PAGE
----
Better put on your shades! This summer, we're celebrating the 15th Anniversary of Bio-Link.
Slide presentations and materials from the 2013 Bio-Link Summer Fellows Forum.
Image source: S. Porter
Got ideas for next year? Be sure to visit the Bio-Link Summer Fellows Forum planning wiki and share your suggestions or volunteer to give a talk or faciliate a workshop.
Opening session and Welcome from Dr. Elaine Johnson, Bio-Link Executive Director.
Dr. Kristin Charles led a session to gather feedback on trends in biotechnology and needs of the community.
Panel Discussion for Programs & Courses in Stem Cell Technologies Workshop
Presenters: Edie Kaeuper, Tom Tubon & Carin Zimmerman
Stem Cell Technologies: New Program Development, Sustainability & Dissemination Workshop
Presenters: Tom Tubon & Edie Kaeuper
The Department of Labor is funding twelve Bio-Link programs to work together on identifying core competencies for biotechnicians.
Presented by: Dr. Jeanette Mowery, Madison College, and Dr. Linnea Fletcher, Austin Community College
WHAT ARE THESE STANDARDS? - Jeanette Mowery
There have been many efforts over the years to determine what biotechnology technicians must know to be successful in their jobs. These have been published in regional and national skill standards documents that can be accessed through the Bio-Link Clearinghouse. The current effort focuses on the identification of skills that are held in common across biotechnology industry sectors and is supported by the recent Department of Labor TAACCCT grant that was awarded to the Community College Consortium for Bioscience Credentials, a consortium of 12 community colleges led by Forsyth Tech Community College in North Carolina.
This document is a draft of “common core” technical skill competencies that are considered to apply broadly to most biotechnology workplaces. Specialized skills, such as operating a flow cytometer or performing the polymerase chain reaction, while critically important in some settings, are not considered to be core and are not included here. This draft document is provided for discussion and evolution. Please participate in this process!
How can you engage members of your industry advisory board as partners in your students' success?
Dr. Josephine Pino describes a strategy that has worked well for Portland Community College.
This article from the Portland Tribune describes the positive results: Bioscience industry builds a course's DNA
As your students leave you and your program and find employment in the biotechnology industry, they will suddenly find themselves in a tightly regulated environment. The nature of biotech products requires this regulation by the FDA. Unless one is familiar with this environment, it can be challenging adapt and thrive in it as a worker and an contributor to the company's success. Thus, preparation for this regulated environment is important to student success in the transition from education to the workplace.
I put together the following presentation for a Bio-Link SFF 2013 workshop to show what are key considerations when working in a regulated environment and to provide you with suggestions on what you can do to help your students prepare for it.
Workshop details are below. Hope you see you there!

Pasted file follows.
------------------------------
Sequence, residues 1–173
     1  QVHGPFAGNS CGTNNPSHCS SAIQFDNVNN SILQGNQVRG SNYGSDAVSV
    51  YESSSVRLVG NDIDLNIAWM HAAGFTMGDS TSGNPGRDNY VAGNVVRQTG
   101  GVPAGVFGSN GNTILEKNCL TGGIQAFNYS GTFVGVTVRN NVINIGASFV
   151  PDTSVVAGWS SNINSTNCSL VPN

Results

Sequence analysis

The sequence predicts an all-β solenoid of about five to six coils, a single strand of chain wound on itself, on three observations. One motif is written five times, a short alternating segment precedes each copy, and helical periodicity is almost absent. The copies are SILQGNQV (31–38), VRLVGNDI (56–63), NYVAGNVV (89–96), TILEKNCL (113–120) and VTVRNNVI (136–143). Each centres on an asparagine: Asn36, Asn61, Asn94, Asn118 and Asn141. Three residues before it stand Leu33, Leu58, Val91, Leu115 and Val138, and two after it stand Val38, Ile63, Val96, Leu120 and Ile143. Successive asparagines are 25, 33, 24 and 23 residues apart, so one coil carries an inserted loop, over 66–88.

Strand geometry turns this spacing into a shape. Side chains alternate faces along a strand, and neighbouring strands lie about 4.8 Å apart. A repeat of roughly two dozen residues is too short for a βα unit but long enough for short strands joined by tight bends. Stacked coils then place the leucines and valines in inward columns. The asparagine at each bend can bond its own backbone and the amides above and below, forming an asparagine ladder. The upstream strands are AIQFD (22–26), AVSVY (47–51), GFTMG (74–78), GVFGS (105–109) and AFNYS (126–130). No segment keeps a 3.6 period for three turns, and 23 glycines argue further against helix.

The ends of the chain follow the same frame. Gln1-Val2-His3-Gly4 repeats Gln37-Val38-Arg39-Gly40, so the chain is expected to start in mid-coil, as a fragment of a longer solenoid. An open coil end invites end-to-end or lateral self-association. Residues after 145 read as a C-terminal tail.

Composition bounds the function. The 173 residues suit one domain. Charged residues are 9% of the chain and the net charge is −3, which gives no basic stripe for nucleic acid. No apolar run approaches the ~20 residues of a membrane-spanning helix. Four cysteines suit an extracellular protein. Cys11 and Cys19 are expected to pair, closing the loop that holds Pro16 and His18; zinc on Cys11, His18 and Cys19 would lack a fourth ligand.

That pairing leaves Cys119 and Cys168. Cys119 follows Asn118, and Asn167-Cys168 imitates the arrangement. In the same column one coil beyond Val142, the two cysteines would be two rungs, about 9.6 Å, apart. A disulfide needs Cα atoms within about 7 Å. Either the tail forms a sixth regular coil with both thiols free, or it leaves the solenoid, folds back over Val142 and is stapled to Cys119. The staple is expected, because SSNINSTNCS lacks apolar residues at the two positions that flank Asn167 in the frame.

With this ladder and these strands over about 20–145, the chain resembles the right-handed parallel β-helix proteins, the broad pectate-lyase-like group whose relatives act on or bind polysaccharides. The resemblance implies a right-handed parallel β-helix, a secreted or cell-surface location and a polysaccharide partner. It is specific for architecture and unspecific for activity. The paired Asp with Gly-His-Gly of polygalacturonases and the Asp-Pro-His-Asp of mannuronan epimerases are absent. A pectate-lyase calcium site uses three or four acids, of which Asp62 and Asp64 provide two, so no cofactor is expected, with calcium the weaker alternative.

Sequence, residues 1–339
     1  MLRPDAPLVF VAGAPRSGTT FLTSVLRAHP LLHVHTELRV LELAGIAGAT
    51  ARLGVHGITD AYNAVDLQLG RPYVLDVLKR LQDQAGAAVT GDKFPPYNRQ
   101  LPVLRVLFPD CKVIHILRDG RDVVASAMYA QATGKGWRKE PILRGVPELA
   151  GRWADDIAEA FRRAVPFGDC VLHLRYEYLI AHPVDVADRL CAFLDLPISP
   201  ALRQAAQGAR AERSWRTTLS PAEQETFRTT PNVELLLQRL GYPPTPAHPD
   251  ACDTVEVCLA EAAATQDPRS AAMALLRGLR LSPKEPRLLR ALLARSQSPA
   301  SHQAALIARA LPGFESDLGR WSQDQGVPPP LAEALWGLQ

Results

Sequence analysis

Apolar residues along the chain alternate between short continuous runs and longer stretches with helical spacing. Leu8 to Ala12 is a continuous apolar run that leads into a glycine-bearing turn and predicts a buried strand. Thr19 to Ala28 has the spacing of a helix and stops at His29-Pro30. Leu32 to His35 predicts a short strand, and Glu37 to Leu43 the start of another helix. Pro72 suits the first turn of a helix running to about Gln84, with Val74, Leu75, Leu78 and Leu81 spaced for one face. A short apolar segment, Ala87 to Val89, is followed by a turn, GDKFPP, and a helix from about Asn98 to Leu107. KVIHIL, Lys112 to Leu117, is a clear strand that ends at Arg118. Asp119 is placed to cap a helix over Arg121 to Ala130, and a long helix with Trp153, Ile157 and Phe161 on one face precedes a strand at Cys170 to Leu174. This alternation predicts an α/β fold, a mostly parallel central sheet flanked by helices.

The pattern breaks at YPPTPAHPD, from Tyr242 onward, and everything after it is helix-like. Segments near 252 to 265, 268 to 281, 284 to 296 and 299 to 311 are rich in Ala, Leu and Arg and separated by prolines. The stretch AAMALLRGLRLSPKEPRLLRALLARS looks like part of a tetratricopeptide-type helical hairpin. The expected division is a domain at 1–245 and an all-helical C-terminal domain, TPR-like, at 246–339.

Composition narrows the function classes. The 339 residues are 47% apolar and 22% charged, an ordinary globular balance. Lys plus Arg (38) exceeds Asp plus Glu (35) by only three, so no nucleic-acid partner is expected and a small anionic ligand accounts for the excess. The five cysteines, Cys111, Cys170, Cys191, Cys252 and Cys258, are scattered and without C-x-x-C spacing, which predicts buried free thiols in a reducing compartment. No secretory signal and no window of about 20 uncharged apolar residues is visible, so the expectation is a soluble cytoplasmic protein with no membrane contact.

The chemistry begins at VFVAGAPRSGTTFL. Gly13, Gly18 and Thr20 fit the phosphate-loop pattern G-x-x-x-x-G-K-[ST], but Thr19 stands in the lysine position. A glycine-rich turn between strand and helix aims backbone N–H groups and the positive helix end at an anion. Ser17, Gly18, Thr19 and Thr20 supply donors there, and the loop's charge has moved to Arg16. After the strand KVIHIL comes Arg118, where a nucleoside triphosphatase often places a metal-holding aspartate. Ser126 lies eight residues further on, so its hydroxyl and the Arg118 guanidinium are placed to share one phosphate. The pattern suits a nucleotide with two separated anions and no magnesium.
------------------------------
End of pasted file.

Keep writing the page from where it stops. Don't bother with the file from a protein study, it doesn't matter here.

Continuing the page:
The biotechnology industry is heavily regulated by the Food and Drug Administration (FDA). While the FDA regulations have been in place for decades, companies still struggle with compliance. This workshop will provide an overview of the regulated environment: basics of FDA regulations, the mechanisms in place within companies to achieve compliance, and some of the common observations FDA inspections have revealed. This framework, along with suggested topics and activities from the presenter, will allow attendees to better prepare their students for working in a regulated environment and making positive contributions toward compliance.
For additional instructional materials on FDA regulations and quality systems prepared by the presenter, check out the Quality Training Course 2 in the Survey of Quality, Regulations, and Standards section of Bio-Link’s Courses in a Box resource.
This workshop will be Thursday morning in the Clark Kerr Computer lab, 8:45 am - 11:30 am.
1. Use Cn3D to solve a mystery and determine how the victim died.
Practice skills with small protein - Download: pig insulin
2. Share favorite games for learning science and demonstrate them
3. Discuss what makes games good and good for learning.
Presenters: Sandra Porter, Patricia Delich, Roxanne Porter-Smith
We will have two sessions that are slightly different:
One session is more specific to the needs of Bio-Link program members and partners. The other session is more specific to Bridge adopters.
I. When do you need to log in?
• ❑ create or edit content
• ❑ Directories
• ❑ Bridge to Biotech
• ❑ Courses in a Box
II. What happens if you forget your log in name or password?
• ❑ don't panic
III. How does the Bio-Link web site work?
• ❑ CMS - content management system
• ❑ lots of modules
• ❑ special fields
• ❑ database queries
• ❑ Publishing - visible and invisible content
• ❑ Workspace
• ❑ Edit, or add your comments to the Bio-Link User Guide
VI. Getting notified
• ❑ Subscribing to a blog or forum
1. Log in.
2. Working with your program page
This session is open to anyone, but will emphasize skills that are needed for Bio-Link program leaders.
This session is open to anyone, but will emphasize skills that are needed for Bridge to Biotech adopters.
For Bridge participants:
Instead of making a blog post, please post your content in the Bridge to Biotech area:
1. Go to Create Content
2. Choose Bridge to Biotech
3. On your Bridge page - enter information in the form areas.